GM has launched 14 new models in China in the last two years, including the 2010 Cadillac SRX.

For the first time ever, China has become General Motors’ single-largest national market, sales for the first half of the year in the booming Asian economy surpassing those in GM’s home U.S. market.

With the carmaker’s Chinese sales expected to reach 2 million this year, and 3 million by 2015 – the gap seems likely to continue widening, GM indicates.

For the first six months of 2010, Chinese buyers snapped up 1.21 million GM vehicles, which are sold in that country under the Buick, Chevrolet and other brand badges.  By comparison, volume totaled just 1.08 million, even though June marked the sixth month in a row of sales growth for the maker’s U.S. core brands.

GM officials confirmed this is the first time one of the company’s foreign operations has “consistently” outperformed the U.S. in the automaker’s 102-year history.

And considering the harsh criticism GM and its management have faced in the wake of the company’s 2009 bankruptcy, China’s strong performance comes as a bit of vindication.  Former Chairman and CEO John Smith took tremendous heat, in the late 1990s, when he first announced plans to set up a manufacturing operation in what was then little more than a backwater automotive market.

Ironically, company officials openly credit the success of those operations with saving the Buick brand, one of just four nameplates that were carried over in the U.S. market after GM emerged from Chapter 11, last year.  With Buick in a bitter battle with Volkswagen for dominance in China, GM officials felt they could not kill off the brand back home without hurting its global image.  Going forward, GM’s Shanghai-based engineering and design center, PATEC, is expected to play a leading role in the development of future Buick products.

The Chinese market, on the whole, is one of the bright spots in an otherwise troubled auto industry.  Since GM entered the market, industry sales have, at times, soared by triple-digits.  Last year, overall demand rose “only” 46%, in part propped up by government incentives.

With current sales trends suggesting a more modest 17% growth rate, according to market researchers J.D. Power and Associates, the Beijing government has extended the Chinese equivalent of last year’s U.S. Cash-for-Clunkers program, which encourages motorists to trade old cars in for new.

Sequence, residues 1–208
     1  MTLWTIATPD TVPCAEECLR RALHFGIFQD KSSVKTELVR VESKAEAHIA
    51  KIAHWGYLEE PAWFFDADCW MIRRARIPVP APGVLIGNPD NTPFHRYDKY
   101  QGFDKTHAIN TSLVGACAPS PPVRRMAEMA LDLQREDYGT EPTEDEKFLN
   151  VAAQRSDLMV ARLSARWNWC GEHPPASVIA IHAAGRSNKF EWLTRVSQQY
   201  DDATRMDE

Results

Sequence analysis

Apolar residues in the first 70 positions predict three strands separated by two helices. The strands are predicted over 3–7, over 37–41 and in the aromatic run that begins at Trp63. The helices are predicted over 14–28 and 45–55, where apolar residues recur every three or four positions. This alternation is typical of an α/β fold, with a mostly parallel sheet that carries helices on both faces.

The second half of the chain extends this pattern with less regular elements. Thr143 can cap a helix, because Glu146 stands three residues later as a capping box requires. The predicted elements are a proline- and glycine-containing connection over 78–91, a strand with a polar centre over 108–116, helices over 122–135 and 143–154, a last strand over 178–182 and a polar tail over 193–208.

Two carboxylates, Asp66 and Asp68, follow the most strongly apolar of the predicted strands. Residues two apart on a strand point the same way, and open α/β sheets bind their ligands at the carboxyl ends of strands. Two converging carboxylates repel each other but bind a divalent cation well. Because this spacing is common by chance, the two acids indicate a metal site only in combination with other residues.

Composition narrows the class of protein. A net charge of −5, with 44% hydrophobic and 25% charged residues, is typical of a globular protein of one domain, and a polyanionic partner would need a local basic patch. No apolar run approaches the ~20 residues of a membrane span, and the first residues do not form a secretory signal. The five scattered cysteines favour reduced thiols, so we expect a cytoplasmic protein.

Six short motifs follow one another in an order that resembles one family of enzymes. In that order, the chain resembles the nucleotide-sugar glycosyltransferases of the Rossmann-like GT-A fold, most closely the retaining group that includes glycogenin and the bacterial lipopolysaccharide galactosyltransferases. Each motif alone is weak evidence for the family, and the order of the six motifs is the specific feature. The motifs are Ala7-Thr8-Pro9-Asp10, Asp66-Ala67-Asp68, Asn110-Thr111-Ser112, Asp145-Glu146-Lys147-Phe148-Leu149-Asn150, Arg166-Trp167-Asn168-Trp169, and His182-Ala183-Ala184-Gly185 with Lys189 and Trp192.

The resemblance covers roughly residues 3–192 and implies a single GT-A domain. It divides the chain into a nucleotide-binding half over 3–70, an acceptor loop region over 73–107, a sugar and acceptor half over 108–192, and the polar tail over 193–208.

The Chinese market has surged past the U.S. for two years now and, according to Power, sales should come in at around 15.2 million vehicles for all of 2010, well ahead of the research firm’s U.S. forecast of 11.8 million.

GM sales have been outpacing the overall Chinese market.  During the first quarter alone they jumped 71%.  For the full year, the automaker predicts it will sell a record 2 million cars there – about 4 years ahead of when it had previously expected to hit that mark.  And the revised forecast now projects GM China will top 3 million by 2015.

“We already have an incredible focus on China and we’re going to put as much energy as we can on China,” said Kevin Wale, president and managing director for GM China Group.

That optimistic forecast has to reckon with the increasingly competitive nature of the Chinese market, where new entrants and new joint ventures are adding to a steadily growing list of products competing for consumers’ attention.

As with all foreign makers, GM operates in China through a series of joint ventures with local manufacturers.  These include two with Shanghai-based SAIC, as well as a third, producing the Wuling-branded microvan, that teams GM up with SAIC and Wuling Automotive.  It imports a small number of Western-made products, though demand is held low due to hefty tariffs on imported vehicles.

In the strange bedfellow world of Chinese auto manufacturing, SAIC also partners with Volkswagen – and has begun expanding its own line-up of vehicles.

In just the last two years, GM’s various ventures have introduced 14 new models, but Wale recently revealed plans to launch 25 more new or revised vehicles by the end of 2011, including the Chevrolet Volt, an extended-range electric vehicle.

To meet its sales targets, the Detroit-based maker will need to find more production, and some observers are speculating it could be forced to add yet another Buick plant.  While Wale declines to say how it will get there, he recently did acknowledge, “It’s just mathematics,” adding that, “If we’re going to increase our sales to 2 million, we have to expand capacity.”

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